Barking for attention is ultimately guaranteed to succeed.
Anything involving a human looking at her, talking to her or touching her – or all three at once which is usually the case.
She may be glared at. She may told QUIET. She may be pushed away.
Stella is sixteen months old. She is mostly French Bulldog with a bit of English Bulldog thrown in – which makes her quite a bit taller than a Frenchie. She is remarkably agile and it’s nothing for her to leap from the floor directly onto the table.
In the photo we are have managed a brief respite from the barking by giving her a Stagbar to chew.
Stella lives with several people – a couple with adult sons, two of whom can get her very stirred up. There is also an older calmer dog, a Great Dane.
The family all work together and the dogs go with them, remaining in the office. The dogs have a great life. At work Stella is no trouble. There is no barking for attention at all.
Why is her behaviour at work so different to her behaviour at home? It might be because at work people are busy and regularly moving about. At home it’s when they have sat down that the barking for attention routine starts.
I had not been there for long when the barking for attention began – mostly directed at me.
Stella is not a dog deprived of love and attention – not at all! However, she has learnt that barking brings her results and very likely if she’s quiet she will be ignored.
Let sleeping dogs lie. Why wouldn’t you?
Now the family will need to go cold turkey.
If they want the barking for attention to stop, there must be no more responding to it.
They must all ignore her noise and keep their nerve and patience. Very difficult. When I was there it was hard to think, let alone talk.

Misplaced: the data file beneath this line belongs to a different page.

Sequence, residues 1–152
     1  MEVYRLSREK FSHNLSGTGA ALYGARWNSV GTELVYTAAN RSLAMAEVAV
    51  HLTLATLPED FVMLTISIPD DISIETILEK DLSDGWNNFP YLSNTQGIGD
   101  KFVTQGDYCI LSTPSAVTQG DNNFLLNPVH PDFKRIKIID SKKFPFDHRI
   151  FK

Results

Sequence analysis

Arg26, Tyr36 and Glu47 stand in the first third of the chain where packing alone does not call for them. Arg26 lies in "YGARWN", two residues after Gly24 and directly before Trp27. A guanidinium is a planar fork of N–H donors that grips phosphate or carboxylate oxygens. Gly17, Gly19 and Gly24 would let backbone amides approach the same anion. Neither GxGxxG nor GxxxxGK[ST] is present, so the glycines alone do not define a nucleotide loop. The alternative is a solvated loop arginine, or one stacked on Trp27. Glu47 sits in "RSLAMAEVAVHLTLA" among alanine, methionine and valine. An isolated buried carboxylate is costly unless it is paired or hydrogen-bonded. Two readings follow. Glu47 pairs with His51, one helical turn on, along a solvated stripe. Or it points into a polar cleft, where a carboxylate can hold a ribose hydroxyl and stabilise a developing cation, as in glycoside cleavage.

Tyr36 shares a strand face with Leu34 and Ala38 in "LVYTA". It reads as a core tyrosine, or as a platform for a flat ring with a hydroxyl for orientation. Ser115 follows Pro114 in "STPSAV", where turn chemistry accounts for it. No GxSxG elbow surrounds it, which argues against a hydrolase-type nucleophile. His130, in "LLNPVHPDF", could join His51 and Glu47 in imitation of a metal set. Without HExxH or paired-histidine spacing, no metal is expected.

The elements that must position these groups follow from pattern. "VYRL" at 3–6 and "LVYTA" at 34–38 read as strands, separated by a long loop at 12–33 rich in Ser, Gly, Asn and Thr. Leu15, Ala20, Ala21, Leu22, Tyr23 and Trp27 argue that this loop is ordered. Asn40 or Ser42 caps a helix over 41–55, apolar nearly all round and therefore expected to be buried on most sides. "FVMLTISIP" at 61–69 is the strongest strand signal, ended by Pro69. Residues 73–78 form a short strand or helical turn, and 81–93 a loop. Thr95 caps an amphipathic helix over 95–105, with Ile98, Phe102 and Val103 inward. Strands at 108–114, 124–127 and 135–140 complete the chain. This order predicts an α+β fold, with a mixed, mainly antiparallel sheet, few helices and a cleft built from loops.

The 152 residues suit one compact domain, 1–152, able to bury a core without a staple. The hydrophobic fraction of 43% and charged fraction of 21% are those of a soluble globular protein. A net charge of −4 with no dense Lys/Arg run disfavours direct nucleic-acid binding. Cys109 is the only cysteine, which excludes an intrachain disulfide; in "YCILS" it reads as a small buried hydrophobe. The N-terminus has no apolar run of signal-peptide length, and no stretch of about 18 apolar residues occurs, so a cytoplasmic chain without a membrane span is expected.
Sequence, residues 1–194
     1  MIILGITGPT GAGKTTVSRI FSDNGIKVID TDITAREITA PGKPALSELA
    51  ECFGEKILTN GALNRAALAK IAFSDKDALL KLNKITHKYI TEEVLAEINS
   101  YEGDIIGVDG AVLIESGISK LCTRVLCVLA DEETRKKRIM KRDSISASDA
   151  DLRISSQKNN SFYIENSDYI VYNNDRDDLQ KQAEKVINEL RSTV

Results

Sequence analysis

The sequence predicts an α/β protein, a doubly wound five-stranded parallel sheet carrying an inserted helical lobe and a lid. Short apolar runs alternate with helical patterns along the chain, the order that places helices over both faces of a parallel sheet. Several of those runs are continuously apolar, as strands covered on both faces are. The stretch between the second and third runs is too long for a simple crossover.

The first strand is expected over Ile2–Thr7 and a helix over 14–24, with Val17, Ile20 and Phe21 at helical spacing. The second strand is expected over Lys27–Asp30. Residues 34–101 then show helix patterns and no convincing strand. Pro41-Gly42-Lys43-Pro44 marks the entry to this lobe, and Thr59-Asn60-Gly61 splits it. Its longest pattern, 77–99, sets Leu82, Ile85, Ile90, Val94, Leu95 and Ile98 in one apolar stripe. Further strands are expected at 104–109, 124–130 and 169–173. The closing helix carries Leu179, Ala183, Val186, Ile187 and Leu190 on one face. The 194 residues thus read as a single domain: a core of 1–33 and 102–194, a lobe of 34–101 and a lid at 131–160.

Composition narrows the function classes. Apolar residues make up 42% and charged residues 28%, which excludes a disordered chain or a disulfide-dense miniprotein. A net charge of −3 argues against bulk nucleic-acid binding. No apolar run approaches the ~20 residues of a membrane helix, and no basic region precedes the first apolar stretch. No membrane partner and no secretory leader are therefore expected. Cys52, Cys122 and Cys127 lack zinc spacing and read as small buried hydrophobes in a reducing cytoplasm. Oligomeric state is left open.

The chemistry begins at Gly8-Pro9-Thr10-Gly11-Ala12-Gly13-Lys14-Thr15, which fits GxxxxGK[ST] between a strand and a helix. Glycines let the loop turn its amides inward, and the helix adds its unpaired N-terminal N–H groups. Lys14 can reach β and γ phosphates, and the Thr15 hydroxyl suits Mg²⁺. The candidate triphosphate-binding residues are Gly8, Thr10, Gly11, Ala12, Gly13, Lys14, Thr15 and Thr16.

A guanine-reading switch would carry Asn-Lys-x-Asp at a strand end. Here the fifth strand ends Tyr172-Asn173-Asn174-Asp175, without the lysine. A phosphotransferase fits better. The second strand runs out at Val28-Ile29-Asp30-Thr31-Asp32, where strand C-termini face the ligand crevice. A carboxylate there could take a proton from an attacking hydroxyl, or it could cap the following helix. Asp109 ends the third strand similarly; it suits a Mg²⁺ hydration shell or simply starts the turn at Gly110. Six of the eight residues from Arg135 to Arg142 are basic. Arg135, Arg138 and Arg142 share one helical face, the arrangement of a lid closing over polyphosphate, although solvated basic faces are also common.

When barking wasn’t working she would then push her luck by doing other things – jumping on the table, jumping on the seat behind me to get to my treat box on the table, chewing the leaves of a house plant and nicking a wooden clothes peg which she couldn’t be allowed to keep owing to danger of swallowing the metal spring.
Running off with something can be guaranteed to result in a chase!
It’s very hard for them not to keep scolding her and telling her ‘no’ and to get down (all reinforcing to Stella). They will get a harness (Perfect Fit like in the picture below) so they can give her a bit of gentle help ‘Off you Get’ and then ‘Good Girl’ when down. They must act casual and keep their cool!
They may need to resort to shutting her alone in the kitchen with something to do for a while if she pushes her luck too far.
What a little monkey! What a challenge!
This is a project requiring a sense of humour and endurance.
To help her learn not to bark, she must learn that what they do want – quiet – is rewarding.
So, in addition to not reacting at all to her barking for attention, we started to mark and reward just moments of quiet – gradually increasing the duration. She kept reverting, but we made a little headway. The lady said ‘Yes’, I used my clicker. It doesn’t matter which is used so long as Stella learns to associate it with not barking and the sound is followed by food.
When people are moving about at work she doesn’t bark, so this gives us another strategy to try. As soon as she starts, the person she’s directing the barking at can move about or walk out of the room.
I see it as being quite a challenge in so far as the whole family needs to be reliably consistent. ‘Can’t be bothered’ could compromise success.
Stella has two or three walks a day. She comes back from her evening walk wired up. It’s like she has built up a head of steam which she has to release when she gets home.
This of course is when everyone wants to settle down after their day at work.
We have drawn up a list of constructive activities that should help her to calm herself down and keep her more busy. Walks need to be adjusted so that they are less arousing in terms of length, exercise and encountering things she’s reactive to, so that instead of careering around the place when she gets back, unwinding in the only way Stella can, she has a drink and settles for a while.
Instead of responding to any barking for attention, they will respond to breaks in the barking instead with ‘clicking for quiet’ sessions.
They should resist all play activities that over-arouse her. They will do all they can to keep her as calm as possible.
Instead of ‘letting sleeping dogs lie’ they can initiate short useful activities at times when she’s quiet – thereby showing that NOT barking works a lot better than barking does!